A photographer’s approach to a wedding will have a major impact on the photos he or she creates.

This story first appeared in the Spring/Summer 2019 issue of Columbus Weddings, published December 2018.

As you search for your wedding photographer, the “About Me” sections on their various web pages provide a peek into their styles. A photographer might describe himself or herself as taking a photojournalistic or editorial approach, but exactly what does that mean?

The Range

Wedding photographers typically fall into five broad categories: photojournalistic, documentary, natural, editorial and artistic. However, there are few hard delineations between styles, and many of them overlap one another.

True photojournalists are purely candid shooters. They observe the events around them as flies on walls, capturing everything but participating in nothing. You may not want your photographer to take a photojournalistic approach all day long, but this is a great method for capturing ceremony and reception photos. A photojournalistic wedding photographer may make only light edits to images during the post-production stage.

Documentary photography, like documentary film, aims to tell an authentic story in an aesthetically pleasing way. This style of shooting has become especially popular among couples in recent years, as it blends the best of candid/photojournalistic photography with more stylized images. It’s a great approach for pre-wedding and detail images, as the photographer will set up a shot before capturing the events that unfold naturally from that setup. Post-production edits tend to be limited and focus more on enhancing an image than entirely changing it.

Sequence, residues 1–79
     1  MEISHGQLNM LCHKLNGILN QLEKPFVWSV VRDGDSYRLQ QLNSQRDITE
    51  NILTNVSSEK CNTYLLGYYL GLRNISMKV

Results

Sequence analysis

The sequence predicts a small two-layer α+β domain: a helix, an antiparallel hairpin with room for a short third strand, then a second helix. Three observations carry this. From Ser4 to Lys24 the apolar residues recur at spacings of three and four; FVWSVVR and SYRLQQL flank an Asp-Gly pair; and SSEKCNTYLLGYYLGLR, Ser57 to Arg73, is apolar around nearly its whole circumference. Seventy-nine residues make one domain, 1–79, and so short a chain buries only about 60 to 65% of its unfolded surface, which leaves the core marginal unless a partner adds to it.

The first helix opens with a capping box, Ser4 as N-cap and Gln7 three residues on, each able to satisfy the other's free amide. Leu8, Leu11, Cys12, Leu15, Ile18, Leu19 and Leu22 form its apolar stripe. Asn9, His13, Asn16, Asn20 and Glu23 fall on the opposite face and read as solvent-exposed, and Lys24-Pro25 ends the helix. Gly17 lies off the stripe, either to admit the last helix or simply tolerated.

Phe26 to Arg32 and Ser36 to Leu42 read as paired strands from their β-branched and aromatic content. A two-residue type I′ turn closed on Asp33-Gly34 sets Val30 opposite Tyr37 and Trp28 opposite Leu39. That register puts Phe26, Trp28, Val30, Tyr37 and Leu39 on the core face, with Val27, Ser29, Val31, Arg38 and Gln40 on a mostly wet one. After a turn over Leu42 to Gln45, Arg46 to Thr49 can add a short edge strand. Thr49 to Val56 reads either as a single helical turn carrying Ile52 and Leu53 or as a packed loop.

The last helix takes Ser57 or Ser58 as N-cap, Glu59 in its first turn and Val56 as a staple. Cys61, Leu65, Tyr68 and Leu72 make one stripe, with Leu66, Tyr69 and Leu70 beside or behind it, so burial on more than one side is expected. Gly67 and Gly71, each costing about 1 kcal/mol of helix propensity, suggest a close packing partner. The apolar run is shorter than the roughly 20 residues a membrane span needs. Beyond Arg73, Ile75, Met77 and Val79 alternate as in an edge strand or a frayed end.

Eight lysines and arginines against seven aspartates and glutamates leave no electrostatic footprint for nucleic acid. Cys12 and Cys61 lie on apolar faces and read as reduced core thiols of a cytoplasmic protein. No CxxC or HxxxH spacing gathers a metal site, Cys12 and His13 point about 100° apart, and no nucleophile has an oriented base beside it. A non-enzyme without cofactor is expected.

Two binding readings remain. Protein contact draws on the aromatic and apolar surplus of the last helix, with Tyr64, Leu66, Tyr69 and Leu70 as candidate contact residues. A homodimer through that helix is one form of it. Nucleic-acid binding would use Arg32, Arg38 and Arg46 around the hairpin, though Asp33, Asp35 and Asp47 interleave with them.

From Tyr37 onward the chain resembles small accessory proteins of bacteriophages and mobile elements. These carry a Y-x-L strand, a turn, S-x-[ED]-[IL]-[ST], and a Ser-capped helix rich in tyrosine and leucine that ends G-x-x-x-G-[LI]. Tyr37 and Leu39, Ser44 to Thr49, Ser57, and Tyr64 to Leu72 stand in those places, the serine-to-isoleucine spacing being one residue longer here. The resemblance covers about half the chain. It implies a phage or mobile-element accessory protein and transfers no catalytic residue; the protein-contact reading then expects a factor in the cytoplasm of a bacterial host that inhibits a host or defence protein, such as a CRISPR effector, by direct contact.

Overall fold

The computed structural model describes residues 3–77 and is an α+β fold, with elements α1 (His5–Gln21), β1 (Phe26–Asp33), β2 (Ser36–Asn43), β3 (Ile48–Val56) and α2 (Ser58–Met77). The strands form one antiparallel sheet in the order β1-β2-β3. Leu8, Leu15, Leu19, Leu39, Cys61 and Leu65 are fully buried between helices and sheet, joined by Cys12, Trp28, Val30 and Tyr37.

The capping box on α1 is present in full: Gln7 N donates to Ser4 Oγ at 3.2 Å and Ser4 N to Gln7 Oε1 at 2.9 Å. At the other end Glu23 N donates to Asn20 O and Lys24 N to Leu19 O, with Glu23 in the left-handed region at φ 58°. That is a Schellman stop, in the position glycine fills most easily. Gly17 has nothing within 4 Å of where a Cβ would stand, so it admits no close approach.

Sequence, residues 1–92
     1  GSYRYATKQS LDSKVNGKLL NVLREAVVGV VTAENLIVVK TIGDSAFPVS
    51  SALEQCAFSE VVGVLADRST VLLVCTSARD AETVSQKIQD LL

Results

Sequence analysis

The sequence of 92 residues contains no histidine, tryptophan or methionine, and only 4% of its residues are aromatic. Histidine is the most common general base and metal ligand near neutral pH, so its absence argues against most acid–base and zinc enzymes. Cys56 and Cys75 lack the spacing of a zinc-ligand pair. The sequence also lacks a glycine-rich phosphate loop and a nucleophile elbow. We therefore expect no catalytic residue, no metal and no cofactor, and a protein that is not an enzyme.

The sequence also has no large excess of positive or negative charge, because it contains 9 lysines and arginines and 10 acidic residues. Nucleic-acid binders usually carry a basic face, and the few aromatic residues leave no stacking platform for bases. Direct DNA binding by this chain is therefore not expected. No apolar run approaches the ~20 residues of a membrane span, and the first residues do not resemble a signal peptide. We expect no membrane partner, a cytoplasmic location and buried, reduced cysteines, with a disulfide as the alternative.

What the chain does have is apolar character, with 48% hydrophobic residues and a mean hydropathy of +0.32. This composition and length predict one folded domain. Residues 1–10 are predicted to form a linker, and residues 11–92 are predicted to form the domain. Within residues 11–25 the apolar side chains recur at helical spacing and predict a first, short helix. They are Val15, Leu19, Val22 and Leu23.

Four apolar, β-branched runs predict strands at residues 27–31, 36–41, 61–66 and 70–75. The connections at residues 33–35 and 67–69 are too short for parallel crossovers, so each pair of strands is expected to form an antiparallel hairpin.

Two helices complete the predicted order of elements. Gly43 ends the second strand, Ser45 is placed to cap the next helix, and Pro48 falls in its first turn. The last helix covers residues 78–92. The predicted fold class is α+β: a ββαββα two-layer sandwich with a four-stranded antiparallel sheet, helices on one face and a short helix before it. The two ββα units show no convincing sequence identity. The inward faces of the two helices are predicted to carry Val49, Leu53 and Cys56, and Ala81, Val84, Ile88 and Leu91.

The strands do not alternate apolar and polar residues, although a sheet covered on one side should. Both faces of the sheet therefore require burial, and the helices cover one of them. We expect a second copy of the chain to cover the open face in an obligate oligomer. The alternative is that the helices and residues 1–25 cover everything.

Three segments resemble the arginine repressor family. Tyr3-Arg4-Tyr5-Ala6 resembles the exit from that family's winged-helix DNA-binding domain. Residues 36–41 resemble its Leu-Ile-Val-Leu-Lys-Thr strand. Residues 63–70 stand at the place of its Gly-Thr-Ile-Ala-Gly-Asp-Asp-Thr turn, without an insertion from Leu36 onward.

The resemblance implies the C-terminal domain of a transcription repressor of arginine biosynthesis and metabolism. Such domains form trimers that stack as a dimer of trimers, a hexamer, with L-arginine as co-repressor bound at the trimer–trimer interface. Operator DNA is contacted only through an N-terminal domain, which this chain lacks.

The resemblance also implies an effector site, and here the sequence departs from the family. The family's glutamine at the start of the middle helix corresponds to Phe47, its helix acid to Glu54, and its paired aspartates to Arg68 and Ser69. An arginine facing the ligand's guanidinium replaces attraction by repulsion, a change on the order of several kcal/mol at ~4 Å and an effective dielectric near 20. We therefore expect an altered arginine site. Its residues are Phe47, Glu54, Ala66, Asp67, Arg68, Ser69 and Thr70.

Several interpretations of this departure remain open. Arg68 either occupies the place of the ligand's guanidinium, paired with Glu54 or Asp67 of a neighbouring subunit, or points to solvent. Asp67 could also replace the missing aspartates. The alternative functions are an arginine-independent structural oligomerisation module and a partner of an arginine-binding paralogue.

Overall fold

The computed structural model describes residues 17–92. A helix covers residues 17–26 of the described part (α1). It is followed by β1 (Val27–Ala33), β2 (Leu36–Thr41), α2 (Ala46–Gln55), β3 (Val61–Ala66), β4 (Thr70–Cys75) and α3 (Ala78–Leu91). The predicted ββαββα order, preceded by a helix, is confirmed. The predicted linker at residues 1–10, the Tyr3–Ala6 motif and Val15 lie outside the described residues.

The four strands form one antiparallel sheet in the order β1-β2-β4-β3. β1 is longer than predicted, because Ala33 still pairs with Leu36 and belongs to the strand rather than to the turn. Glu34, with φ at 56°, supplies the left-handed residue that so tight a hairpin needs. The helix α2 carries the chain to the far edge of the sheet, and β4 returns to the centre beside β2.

In the middle of the spectrum is a category that’s a bit harder to name; many photographers refer to it as timeless or natural. A photographer who focuses on this style will use a blend of techniques to tell the story of an entire day, from romantic couples’ portraits to your sister’s hilarious pre-dinner toasts. Post-production editing styles vary based on the photographer, but they tend to be light-handed, as in documentary photography.

An editorial photographer takes composition and styling a bit further than a naturalist; he or she often spends more time staging an image, whether it’s a flat-lay of an invitation suite or the perfect composition of a mother buttoning up the bride’s gown. Interesting lighting and shooting techniques elevate the imagery to look like something you’d expect to see in a fashion magazine, and editing practices may be more complex, with creative adjustments made to contrast, color saturation and other elements.

A photographer shooting in a fine art style is trying to create images that you might see hanging in a gallery. Instead of intimate portraits that feel candid and natural, an artistic photographer’s portraits might feature the couple very inconspicuously small against a wide, beautiful backdrop. Post-production editing might play heavily into a fine-art photographer’s work with the use of Instagram-like filter treatments and other adjustments.

What It Means